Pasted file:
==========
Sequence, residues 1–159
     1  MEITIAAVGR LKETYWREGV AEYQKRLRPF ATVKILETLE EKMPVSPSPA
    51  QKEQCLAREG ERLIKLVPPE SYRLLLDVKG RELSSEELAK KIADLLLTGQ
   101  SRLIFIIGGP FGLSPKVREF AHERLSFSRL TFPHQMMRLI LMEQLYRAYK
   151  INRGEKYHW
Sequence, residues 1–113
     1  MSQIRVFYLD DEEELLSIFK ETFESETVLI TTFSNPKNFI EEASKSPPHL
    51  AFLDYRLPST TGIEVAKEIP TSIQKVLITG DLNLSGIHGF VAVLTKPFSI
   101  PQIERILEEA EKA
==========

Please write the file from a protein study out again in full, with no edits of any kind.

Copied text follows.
Sequence, residues 1–159
     1  MEITIAAVGR LKETYWREGV AEYQKRLRPF ATVKILETLE EKMPVSPSPA
    51  QKEQCLAREG ERLIKLVPPE SYRLLLDVKG RELSSEELAK KIADLLLTGQ
   101  SRLIFIIGGP FGLSPKVREF AHERLSFSRL TFPHQMMRLI LMEQLYRAYK
   151  INRGEKYHW
Sequence, residues 1–113
     1  MSQIRVFYLD DEEELLSIFK ETFESETVLI TTFSNPKNFI EEASKSPPHL
    51  AFLDYRLPST TGIEVAKEIP TSIQKVLITG DLNLSGIHGF VAVLTKPFSI
   101  PQIERILEEA EKA